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US Latin Music Revenues Hit All-Time High Since 2006

Latin Music Is Taking Over the US, and I'm Not Mad About It

MEXICO CITY, MEXICO - MARCH 05: Bad Bunny performs onstage during the 2020 Spotify Awards at the Auditorio Nacional on March 05, 2020 in Mexico City, Mexico. (Photo by Matt Winkelmeyer/Getty Images for Spotify)

Image Source: Getty / Matt Winkelmeyer

Last year, in an interview with Cali y El Dandee, who are both performers and producers of some of the greatest Latin hits you've heard (yes, including "Despacito"), I asked them why they thought Latin music was having this moment worldwide, and they said that there's a lot of good competition.

The emergence of many valuable artists at the same time forced everyone to work harder and push themselves. Add to that the fact that Latin artists weren't scared to revolutionize their sound and merge different genres to create something fresher and stronger. Once the rhythms and the melodies were set, language stopped being a barrier.

They were onto something. According to the Recording Industry Association of America's just-released 2019 Year-End US Latin Music Revenues Report, revenue from the US Latin music market saw an increase of 28 percent to a total of $554 million, its highest level since 2006. The Latin market grew at a faster rate than the overall US music market, which had a growth of 13 percent.

HOLLYWOOD, CALIFORNIA - OCTOBER 17: (L-R) Ozuna, Anuel AA and Daddy Yankee perform onstage during the 2019 Latin American Music Awards at Dolby Theatre on October 17, 2019 in Hollywood, California. (Photo by JC Olivera/Getty Images)

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Image Source: Getty / JC Olivera

Streaming became the dominant format in Latin music in the US, which accounted for 95 percent of total Latin music revenues in 2019. Latin music also accounted for 5 percent of the total $11.1 billion US recorded music market, an increase from 4.4 percent in 2018.

The most notable growth in streaming for US Latin music was in the paid subscription category — which includes Apple Music, Spotify Premium, and Amazon Unlimited — contributing to 65 percent of the revenue, with a growth of 36 percent. The on-demand, ad-supported services — YouTube and ad-supported Spotify — accounted for 23 percent of Latin music streaming revenues.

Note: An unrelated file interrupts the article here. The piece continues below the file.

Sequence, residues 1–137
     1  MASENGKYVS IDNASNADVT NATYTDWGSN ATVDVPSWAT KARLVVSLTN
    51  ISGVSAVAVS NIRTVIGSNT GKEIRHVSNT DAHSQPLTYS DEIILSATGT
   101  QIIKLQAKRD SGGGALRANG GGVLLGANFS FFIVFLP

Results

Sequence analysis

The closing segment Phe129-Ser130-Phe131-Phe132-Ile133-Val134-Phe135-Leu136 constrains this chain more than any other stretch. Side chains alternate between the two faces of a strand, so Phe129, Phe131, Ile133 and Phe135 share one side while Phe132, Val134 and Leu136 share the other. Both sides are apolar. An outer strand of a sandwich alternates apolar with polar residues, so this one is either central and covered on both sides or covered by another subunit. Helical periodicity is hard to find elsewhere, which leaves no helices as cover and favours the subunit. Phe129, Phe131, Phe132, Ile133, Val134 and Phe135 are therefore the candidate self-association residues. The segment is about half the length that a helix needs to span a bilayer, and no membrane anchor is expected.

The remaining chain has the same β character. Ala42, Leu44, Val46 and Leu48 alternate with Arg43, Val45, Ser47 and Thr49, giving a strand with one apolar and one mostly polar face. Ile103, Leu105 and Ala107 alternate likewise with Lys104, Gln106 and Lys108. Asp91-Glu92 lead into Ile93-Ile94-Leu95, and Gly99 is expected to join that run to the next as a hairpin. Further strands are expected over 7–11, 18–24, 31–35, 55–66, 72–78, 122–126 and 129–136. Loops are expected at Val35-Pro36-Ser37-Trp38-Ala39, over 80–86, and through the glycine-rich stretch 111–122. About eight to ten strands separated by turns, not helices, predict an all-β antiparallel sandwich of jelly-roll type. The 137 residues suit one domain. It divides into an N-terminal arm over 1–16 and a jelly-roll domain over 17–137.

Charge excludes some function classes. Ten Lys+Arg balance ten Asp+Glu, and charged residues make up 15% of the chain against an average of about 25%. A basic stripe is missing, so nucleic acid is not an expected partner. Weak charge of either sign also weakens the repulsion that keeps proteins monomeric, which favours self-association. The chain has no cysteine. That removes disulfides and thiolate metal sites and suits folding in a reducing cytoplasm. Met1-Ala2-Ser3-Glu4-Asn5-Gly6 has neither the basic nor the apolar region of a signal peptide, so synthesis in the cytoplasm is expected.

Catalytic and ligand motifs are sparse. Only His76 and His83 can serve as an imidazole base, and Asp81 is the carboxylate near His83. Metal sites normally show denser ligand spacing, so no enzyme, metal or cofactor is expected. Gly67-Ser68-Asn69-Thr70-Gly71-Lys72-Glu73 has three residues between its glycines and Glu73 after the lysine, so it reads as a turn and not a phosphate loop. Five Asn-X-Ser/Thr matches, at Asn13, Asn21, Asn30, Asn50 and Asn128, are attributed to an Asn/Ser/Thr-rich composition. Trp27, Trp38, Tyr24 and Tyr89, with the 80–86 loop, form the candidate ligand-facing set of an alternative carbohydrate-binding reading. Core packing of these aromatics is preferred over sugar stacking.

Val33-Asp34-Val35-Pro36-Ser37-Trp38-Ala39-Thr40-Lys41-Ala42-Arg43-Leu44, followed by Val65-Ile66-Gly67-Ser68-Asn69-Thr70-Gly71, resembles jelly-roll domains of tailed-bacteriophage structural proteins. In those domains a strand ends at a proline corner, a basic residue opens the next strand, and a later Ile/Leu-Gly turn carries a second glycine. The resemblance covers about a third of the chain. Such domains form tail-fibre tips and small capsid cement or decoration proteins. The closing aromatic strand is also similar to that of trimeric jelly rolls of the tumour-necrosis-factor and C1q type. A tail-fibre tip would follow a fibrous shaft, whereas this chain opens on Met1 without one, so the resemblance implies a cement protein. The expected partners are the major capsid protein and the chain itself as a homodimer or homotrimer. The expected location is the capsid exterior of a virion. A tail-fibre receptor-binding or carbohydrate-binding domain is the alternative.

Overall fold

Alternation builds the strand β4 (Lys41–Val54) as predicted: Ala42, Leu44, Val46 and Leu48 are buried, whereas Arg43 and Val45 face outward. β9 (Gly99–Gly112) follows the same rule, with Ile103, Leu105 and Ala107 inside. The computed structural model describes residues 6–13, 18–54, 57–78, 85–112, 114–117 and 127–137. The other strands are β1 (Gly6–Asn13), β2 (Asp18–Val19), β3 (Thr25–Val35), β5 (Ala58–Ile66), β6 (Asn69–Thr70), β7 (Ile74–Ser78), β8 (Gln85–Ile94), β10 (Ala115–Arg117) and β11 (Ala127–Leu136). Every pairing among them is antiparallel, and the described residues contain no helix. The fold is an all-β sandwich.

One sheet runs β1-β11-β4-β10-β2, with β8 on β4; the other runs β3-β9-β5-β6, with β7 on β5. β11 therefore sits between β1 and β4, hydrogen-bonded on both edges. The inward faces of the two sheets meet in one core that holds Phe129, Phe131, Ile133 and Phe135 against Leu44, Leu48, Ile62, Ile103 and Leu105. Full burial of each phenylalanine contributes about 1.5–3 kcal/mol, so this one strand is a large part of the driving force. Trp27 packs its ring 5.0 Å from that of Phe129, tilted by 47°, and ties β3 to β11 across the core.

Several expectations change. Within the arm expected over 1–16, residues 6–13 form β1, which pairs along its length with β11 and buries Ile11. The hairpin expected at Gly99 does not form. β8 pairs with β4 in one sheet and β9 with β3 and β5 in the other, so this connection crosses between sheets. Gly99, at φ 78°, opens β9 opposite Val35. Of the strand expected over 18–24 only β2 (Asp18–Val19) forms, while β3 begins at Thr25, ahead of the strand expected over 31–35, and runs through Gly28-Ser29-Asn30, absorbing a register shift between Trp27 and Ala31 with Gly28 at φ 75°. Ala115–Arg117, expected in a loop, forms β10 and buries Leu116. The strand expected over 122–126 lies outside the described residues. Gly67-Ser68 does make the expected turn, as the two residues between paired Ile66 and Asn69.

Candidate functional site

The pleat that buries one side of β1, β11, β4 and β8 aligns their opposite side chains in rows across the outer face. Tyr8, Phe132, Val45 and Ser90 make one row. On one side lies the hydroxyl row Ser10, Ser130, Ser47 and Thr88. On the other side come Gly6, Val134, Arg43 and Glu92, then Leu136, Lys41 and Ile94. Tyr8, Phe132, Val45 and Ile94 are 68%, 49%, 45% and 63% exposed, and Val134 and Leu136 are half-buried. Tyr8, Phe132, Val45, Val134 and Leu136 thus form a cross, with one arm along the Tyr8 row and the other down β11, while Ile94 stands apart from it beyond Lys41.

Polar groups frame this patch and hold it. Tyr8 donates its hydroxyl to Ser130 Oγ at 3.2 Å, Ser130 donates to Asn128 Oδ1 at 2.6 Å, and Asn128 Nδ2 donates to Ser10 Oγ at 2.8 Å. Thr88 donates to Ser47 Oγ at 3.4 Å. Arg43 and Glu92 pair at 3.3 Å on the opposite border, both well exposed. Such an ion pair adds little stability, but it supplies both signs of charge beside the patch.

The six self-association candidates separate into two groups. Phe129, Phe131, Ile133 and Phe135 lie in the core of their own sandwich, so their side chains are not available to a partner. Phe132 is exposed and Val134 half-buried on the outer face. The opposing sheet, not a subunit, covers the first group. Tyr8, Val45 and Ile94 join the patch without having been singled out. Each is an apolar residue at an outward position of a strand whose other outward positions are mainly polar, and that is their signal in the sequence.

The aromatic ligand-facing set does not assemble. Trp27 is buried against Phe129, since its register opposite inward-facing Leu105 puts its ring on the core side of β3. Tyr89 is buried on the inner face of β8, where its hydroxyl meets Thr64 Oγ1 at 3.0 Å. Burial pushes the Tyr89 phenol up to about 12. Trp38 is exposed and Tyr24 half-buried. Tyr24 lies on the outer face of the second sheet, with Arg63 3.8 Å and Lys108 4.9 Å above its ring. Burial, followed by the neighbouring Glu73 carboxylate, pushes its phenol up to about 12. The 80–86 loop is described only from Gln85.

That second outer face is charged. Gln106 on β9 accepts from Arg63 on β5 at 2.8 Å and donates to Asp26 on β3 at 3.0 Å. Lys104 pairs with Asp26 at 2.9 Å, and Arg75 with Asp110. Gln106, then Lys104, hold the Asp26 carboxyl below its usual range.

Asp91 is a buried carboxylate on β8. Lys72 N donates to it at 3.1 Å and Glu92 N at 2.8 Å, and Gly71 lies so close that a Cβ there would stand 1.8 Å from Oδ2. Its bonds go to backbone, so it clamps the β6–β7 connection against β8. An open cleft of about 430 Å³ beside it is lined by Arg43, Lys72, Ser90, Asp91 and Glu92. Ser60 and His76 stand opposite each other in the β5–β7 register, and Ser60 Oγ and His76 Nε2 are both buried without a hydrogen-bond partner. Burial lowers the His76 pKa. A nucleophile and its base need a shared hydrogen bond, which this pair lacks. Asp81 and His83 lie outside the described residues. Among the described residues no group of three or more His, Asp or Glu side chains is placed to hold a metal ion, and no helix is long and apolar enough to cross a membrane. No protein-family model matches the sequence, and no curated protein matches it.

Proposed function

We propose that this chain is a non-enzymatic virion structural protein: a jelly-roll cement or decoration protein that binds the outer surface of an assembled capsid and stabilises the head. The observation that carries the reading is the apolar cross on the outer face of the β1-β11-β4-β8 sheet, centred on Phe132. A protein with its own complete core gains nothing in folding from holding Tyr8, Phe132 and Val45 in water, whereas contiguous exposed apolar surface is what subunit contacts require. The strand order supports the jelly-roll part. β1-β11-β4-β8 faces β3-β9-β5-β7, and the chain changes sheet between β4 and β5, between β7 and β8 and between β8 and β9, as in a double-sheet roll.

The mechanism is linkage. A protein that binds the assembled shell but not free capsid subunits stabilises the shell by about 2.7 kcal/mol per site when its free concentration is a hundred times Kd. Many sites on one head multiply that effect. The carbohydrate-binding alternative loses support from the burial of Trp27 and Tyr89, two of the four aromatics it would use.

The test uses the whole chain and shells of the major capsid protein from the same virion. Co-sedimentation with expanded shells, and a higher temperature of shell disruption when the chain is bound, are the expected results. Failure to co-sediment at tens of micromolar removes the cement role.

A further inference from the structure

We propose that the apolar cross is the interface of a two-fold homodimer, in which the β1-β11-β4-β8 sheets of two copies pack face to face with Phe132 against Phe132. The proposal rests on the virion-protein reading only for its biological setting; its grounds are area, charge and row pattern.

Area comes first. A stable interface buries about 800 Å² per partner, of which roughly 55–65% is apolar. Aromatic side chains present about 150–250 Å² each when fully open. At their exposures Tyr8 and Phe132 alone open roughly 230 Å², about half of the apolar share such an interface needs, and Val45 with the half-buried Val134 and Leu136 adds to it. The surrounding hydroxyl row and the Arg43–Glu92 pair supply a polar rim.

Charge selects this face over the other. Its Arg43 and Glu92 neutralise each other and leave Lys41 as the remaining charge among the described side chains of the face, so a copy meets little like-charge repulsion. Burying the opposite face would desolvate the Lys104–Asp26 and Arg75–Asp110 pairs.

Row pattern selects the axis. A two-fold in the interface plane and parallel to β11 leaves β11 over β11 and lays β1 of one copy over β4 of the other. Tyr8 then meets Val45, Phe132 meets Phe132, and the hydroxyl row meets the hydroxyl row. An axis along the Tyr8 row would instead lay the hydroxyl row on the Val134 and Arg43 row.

NEW YORK, NY - JANUARY 28:  Recording artists Luis Fonsi and Daddy Yankee perform onstage during the 60th Annual GRAMMY Awards at Madison Square Garden on January 28, 2018 in New York City.  (Photo by Kevin Mazur/Getty Images for NARAS)

Image Source: Getty / Kevin Mazur

Out of the 30 most-viewed YouTube videos, "Despacito" by Luis Fonsi and Daddy Yankee is No. 1. The list also includes "Bailando" by Enrique Iglesias, Descemer Bueno, and Gente de Zona; "Mi Gente" by J Balvin and Willy William; "Chantaje" by Shakira and Maluma; and "Waka Waka (This Time For Africa)" by Shakira and Freshlyground.

In 2019, YouTube's top five most-viewed videos were all Latin music. Daddy Yankee and Snow's "Con Calma" was No. 1, followed by "Con Altura" by Rosalía, J Balvin, and El Güincho; "China" by Anuel AA, Daddy Yankee, and Karol G featuring Ozuna and J Balvin; "No Me Conoce (Remix)" by Jhay Cortez featuring J Balvin and Bad Bunny; and "Secreto" by Anuel AA and Karol G.

MIAMI, FL - OCTOBER 04:  Karol G performs during Gloria Trevi's Diosa de La Noche Tour at American Airlines Arena on October 4, 2019 in Miami, Florida.  (Photo by John Parra/Getty Images)

Image Source: Getty / John Parra

Spotify's top 50 tracks of 2019 also saw the influence of Latin music, with Daddy Yankee and Snow's "Con Calma" making an appearance, as well as "Calma — Remix" by Pedro Capó featuring Farruko; "Taki Taki" by DJ Snake featuring Selena Gomez, Ozuna, and Cardi B; "Callaíta" by Bad Bunny and Tainy; "Mia" by Bad Bunny featuring Drake; "Secreto" by Anuel AA and Karol G; "China" by Anuel AA, Daddy Yankee, and Karol G featuring Ozuna and J Balvin; "Otro Trago" by Sech and Darell; "Soltera — Remix" by Lunay, Daddy Yankee, and Bad Bunny; and "Adán y Eva" by Paulo Londra.

This is all to show that our music continues to grow stronger, and you don't need language to understand the feeling that Latin music is transmitting. You just need an open heart and a desire to be transported to a new world full of possibilities, opportunities, and a lot of gozadera.

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